The amendment does not address how employers should count the 50 employees for purposes of relying on the "undue hardship" justification. For example, the statute does not indicate whether the 50 employees must be full-time, part-time, within a geographical region, or employed for a minimum amount of time. While there are no parameters to the employee threshold within the statute itself, the Department of Labor may issue regulations that further explain how to interpret this provision.
To Which Employees Does the Amendment Apply?
This amendment to the FLSA was added at the end of Section 7 (29 U.S.C. § 207), which does not apply to white-collar exempt employees (29 U.S.C. §213(a)) or certain employees within particular industries or that hold specific positions (29 U.S.C. § 213(b)). To the extent employers choose, nonetheless, to provide these rest breaks to salaried exempt employees (as it is expected most employers will do), they should not seek to make deductions from salaries for lactation breaks. Salaried exempt employees generally must receive their full salary for any week in which they perform work, regardless of the quantity of work they provide.
How Many Breaks Are Permitted?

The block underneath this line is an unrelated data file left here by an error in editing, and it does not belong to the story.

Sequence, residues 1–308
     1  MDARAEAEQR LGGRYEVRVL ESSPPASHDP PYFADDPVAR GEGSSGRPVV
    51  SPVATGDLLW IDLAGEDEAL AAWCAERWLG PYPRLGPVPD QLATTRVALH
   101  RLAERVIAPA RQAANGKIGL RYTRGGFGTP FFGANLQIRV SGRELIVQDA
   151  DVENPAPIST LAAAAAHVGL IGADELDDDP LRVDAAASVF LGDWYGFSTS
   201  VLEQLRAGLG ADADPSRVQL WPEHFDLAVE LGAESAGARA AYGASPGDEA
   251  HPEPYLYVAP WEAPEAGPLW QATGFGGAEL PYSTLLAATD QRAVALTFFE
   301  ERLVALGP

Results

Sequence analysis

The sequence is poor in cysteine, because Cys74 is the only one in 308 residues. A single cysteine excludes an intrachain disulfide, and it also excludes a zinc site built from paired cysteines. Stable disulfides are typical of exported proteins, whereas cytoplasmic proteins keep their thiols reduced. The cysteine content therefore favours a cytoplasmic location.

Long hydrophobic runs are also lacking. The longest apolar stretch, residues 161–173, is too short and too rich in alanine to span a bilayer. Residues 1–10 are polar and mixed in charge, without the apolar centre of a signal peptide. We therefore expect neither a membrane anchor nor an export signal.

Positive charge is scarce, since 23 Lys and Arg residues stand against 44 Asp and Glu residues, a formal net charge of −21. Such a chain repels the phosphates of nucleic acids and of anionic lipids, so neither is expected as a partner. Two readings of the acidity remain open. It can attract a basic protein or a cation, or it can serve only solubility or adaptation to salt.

The amendment requires employers to provide employees "reasonable break time" to express breast milk "each time" that an employee has the need to do so. Reasonable break time is yet to be defined. The length and frequency of each employee's lactation breaks could vary based on the needs of each individual employee and the location and logistics of the space provided.
For How Long Do Employers Need to Provide Rest Breaks for Employees to Express Milk?
The law requires employers to provide these breaks for up to one year after a child's birth, which is consistent with the American Academy of Pediatrics' recommendations on breastfeeding. Employers may obviously choose to provide such rest breaks for a longer period of time.
Must These Rest Breaks be Paid?
The amendment states that employers need not pay employees for "reasonable break time" for lactation provided under the amendment. Employers should be aware, however, that there are federal regulations regarding rest breaks that indicate "rest periods of short duration, running from 5 minutes to about 20 minutes are common in the industry...[and] must be counted as hours worked." (29 C.F.R. Section 785.18) Employers should consult employment counsel for further advice on how to address a particular employee's situation.
What Type of Space Must Employers Provide?